“I was trying to cram 60 years of singer-songwriter history into a very short space,” Scott laughs. The tune mentions Woody Guthrie, Ramblin’ Jack Elliott, Bob Dylan et al., and trails off with a touching overdub of Clark telling a story about trying to write a song about two crows who lined their nest with the skins and bones of baby rattlesnakes.
“Every night since Guy passed, I’ve opened the show with 'Down to the River' and segued into 'Desperadoes Waiting for a Train,' and that just does a number on everybody,” says Scott. “There near the end, it was hard to see him suffer like he did, but I wouldn’t trade those last few times I saw him for anything. Even in the Vanderbilt hospital, he was holding court, still telling stories, still interested in other people’s stories. That was one of the main things about Guy; he was central to meeting people. He was the one who introduced me to Ramblin’ Jack, to Terry Allen, to Steve Young, giants like that.”
Scott got a somewhat accidental co-write with Clark on the tune "Out In the Parking Lot."
“Guy had a bunch of verses to that, maybe a dozen verses, so it was way too long," he says. "That was another thing I learned from Guy; it’s better to edit down than to edit up. He kept saying he wasn’t satisfied with it enough to record it or play it in shows, and one day when we were looking at it, he said, ‘What would Bruce Springsteen do with this?’ So I had my guitar and started tinkering around with something that sounded like 'Racing in the Street,' and from there we edited the verses down and not long after, we came out with the song.”
Asked about his favorites from Clark’s vast catalog, Scott ticks off “Old Time Feeling,” “The Dark” and “Instant Coffee Blues.” His favorite Clark album is Keepers, a 1997 live album recorded over a three-night span at Douglas Corner in Nashville. It features Scott, Clark’s son Travis, legendary drummer Kenny Malone (who sometimes plays with Scott), guitarist Verlon Thompson and Scott’s wife, Suzy Ragsdale.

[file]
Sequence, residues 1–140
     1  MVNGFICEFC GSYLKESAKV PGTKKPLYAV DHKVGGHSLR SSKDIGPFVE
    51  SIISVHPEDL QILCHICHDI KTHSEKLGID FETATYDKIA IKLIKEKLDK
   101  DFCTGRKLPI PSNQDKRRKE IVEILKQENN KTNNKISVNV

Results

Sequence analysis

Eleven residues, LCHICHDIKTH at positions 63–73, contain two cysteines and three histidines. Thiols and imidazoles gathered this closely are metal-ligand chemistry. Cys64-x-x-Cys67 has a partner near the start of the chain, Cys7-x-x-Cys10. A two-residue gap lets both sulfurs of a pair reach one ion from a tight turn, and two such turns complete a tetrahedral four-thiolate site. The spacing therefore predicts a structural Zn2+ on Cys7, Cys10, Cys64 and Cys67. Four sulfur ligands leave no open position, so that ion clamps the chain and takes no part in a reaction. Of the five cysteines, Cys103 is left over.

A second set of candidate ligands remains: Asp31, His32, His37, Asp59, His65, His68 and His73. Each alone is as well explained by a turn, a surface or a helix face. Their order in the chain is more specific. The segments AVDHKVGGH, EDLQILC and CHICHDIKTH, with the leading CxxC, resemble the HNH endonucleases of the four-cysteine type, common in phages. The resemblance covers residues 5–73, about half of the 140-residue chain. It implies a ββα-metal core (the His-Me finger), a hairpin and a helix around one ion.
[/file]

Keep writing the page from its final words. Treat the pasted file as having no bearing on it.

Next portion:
“I think Guy felt like those first albums for the bigger labels were a bit overproduced, so he wanted to record those songs again without any interference or advice, if you will," Scott says. "Guy was a lifetime artist; this wasn’t some get-rich-quick or get-famous scheme, this was a life in art. That’s what separates people like Guy from most of the people scurrying around Nashville trying to figure out a shortcut to get a deal or get a hit, what to wear, how to look, how to market yourself. Guy had a very long view; he wasn’t in a hurry; there was no desperation to be some big thing. You have to respect that.
“Think about it — here’s this '70s singer-songwriter who suddenly gets a Nashville record deal and that’s not what he was really after, but there it was, so he did it," he continues. "But he knew the real story wasn’t who can get a deal. If you go with a label, what you mostly get is counsel and funding, some money invested in making you a big deal and counsel on how to become a big deal, what to record to become a big deal, what sound to go for to become a big deal. And, of course, that’s how you sell your soul to them, how you betray your true creative instincts in favor of a plan. If you sit down and listen to all of Guy’s music, he made his best albums after he got loose from the labels. Sure, he made some solid records for the labels, but he truly made great art when he made records for himself.”